By Grace Dearing, Web Editor
Since the beginning of time, humans have adapted to the ever-evolving trends of communication. From the early script and telegraphs to telephones and now instant messaging, communication has progressed rapidly. One variable that has remained consistent, though, is our reliance on facial expressions to intimately converse with the people around us.
As the COVID-19 pandemic persists, so too do state mandates for masks and facial coverings in public spaces. While this new fashion accessory is perfect for preventing the spread of the virus, it is less than ideal for communicating with our friends and family. Since masks cover more than half of our faces, it has become increasingly challenging to read each other’s facial expressions.
In June of 2020, Rebecca Brewer, an expert in facial expressions and communication, told BBC that humans are familiar with processing faces as a whole, rather than focusing on individual features. Therefore, when the entire face is not visible, the processing is interrupted.
Rachelle Gaddes, assistant general manager at an Old Navy store in Cincinnati, spends the majority of her workday interacting with customers and experiences processing interruption first-hand.
“It can be extremely hard to hear customers or ask and answer their questions,” she says. “I’ve had customers complain multiple times that an associate was rude to them, but really it’s just that they couldn’t read their emotions.”
But, there’s no denying that the benefits of a mask during a global pandemic far offset its limitations.
“The health and safety of my staff, my customers and myself outweigh the negative sides of the mask,” Gaddes says. “It’s not always enjoyable, but I’d rather wear the mask than risk anything.”
Although conversational limitations like this are strange to the majority of people, especially in the U.S., the concept of facial coverings is not new. Many Asian countries have utilized masks to protect themselves against pollution, and millions of women around the world regularly wear veils and other facial coverings for religious and cultural practices.
Humans around the world have communicated extremely well with face coverings, but countries newer to this practice must adapt to the “new normal” rather than fear it. There are ways to gauge somebody’s emotion, other than facial expressions, which can be used when talking to someone in person.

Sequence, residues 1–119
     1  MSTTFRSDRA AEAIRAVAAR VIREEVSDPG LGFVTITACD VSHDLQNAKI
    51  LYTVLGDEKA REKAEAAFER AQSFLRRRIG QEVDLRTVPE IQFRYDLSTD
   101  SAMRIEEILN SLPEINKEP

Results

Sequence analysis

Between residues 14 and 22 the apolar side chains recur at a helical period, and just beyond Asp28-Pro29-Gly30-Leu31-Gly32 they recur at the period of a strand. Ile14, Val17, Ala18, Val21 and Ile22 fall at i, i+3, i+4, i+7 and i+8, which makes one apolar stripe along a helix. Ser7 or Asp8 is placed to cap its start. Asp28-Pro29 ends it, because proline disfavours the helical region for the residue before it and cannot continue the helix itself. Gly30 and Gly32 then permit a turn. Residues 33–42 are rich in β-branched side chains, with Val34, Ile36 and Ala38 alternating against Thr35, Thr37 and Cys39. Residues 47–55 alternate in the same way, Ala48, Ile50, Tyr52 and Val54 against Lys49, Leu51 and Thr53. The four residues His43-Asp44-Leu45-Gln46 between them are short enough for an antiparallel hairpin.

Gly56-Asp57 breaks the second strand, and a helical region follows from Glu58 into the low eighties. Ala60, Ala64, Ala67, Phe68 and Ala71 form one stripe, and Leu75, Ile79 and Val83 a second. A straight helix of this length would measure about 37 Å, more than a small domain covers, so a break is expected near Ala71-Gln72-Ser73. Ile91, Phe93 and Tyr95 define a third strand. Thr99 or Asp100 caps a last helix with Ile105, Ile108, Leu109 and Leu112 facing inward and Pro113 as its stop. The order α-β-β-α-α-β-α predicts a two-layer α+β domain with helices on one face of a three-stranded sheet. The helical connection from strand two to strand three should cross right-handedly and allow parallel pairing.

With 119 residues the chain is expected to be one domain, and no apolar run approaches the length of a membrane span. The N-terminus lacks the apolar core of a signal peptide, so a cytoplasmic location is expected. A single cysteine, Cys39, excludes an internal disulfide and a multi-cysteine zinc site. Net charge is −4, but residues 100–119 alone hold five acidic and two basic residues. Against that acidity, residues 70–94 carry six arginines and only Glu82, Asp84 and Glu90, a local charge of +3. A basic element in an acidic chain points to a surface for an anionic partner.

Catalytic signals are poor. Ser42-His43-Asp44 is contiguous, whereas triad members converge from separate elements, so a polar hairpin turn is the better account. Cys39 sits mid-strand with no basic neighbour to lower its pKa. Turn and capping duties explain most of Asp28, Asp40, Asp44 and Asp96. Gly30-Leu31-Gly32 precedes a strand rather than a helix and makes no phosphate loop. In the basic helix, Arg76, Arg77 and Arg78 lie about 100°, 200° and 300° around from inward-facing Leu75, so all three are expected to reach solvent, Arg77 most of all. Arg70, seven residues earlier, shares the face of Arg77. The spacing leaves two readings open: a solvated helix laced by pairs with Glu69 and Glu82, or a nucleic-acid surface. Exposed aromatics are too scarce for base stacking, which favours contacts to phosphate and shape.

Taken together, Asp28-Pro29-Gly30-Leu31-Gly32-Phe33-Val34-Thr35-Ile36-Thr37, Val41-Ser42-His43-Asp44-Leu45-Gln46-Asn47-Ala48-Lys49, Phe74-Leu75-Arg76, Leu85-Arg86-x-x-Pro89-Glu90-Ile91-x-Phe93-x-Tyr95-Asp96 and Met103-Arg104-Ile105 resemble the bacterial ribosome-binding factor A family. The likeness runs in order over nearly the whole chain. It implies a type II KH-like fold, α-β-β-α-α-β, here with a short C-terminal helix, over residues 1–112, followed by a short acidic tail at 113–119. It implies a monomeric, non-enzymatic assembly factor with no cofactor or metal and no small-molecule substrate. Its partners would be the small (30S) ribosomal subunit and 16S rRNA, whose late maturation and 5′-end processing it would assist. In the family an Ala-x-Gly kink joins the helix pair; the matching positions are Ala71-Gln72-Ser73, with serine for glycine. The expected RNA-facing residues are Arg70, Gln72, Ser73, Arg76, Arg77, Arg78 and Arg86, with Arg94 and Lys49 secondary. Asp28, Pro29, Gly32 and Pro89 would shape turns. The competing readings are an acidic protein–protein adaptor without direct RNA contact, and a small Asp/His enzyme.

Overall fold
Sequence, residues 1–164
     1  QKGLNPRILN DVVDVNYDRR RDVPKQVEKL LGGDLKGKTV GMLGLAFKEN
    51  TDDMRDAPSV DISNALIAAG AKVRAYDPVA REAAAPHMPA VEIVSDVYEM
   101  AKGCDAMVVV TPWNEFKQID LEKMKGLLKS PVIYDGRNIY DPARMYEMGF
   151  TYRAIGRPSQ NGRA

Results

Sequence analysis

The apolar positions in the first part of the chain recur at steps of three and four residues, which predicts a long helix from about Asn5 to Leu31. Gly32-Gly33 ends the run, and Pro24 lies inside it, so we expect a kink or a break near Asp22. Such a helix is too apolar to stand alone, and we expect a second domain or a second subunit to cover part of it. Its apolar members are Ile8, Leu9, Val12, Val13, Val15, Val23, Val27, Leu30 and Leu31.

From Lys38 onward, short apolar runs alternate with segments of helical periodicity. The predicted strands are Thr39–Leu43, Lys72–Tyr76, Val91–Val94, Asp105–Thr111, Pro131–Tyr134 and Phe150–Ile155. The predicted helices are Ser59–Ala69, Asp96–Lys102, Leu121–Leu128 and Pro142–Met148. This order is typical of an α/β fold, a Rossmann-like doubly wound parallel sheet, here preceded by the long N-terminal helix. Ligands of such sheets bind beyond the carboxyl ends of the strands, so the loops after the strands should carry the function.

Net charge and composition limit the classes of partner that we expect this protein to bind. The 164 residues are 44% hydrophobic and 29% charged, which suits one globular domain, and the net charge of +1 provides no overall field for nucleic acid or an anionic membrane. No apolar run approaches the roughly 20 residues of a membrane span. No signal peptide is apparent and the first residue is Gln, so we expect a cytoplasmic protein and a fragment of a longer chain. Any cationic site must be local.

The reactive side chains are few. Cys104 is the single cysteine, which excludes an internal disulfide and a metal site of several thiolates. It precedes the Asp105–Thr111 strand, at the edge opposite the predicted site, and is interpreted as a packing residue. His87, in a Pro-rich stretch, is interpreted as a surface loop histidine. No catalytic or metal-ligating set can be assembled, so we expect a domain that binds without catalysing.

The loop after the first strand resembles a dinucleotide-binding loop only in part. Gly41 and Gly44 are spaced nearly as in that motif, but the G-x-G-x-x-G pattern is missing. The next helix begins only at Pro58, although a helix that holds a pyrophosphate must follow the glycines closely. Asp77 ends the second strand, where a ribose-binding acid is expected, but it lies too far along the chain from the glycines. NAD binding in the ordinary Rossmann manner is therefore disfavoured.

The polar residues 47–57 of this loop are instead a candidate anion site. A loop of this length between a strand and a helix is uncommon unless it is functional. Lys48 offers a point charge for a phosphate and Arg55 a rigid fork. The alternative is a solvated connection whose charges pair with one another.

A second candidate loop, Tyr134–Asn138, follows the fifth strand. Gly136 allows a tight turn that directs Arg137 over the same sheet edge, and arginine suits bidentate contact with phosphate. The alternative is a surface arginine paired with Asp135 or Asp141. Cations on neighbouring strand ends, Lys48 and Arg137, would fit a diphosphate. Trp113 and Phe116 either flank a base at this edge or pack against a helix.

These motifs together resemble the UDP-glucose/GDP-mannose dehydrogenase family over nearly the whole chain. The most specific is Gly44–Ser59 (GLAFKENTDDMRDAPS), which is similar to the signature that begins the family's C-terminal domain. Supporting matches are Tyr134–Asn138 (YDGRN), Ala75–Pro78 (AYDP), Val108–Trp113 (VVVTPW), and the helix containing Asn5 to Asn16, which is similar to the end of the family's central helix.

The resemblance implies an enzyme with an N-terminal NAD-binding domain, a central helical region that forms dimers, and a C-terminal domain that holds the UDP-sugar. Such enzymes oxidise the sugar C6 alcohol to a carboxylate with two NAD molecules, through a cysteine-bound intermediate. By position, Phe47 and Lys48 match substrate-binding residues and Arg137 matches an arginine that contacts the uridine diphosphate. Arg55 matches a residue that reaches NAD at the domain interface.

Though it may be obvious, humans are not used to making direct eye contact throughout their conversations. Catching someone’s gaze and holding it while they speak can feel extremely intimate and intense, but it helps gauge emotions.
It sounds cheesy, but the eyes are the window to the soul. As much as someone’s emotions are shown on their face through actions like smiling and frowning, that emotion is amplified in the eyes. Emotions visible through eye contact are unavoidable and are much more difficult to hide.
Whether talking with hands or posture, people’s bodies say more about them than initially realized. If someone fiddles with their hands, they may be nervous. If they stand completely upright with their shoulders squared toward the person they are addressing, they are probably feeling confident. On the other hand, if their shoulders are slouched, they may be upset. All of these movements signify how the person is feeling at that moment.
The everyday presence of masks in interactions can make it feel like there is a barrier between us and the person we are trying to have a meaningful conversation with. That barrier can be disheartening for people who thrive on social interactions and aren’t used to encountering these difficulties. Though it does not seem as though mask mandates will be lifted any time soon, the quality of human connection does not have to suffer forever. Like many things in life during the COVID-19 pandemic, communication will simply adapt to the current state of the world.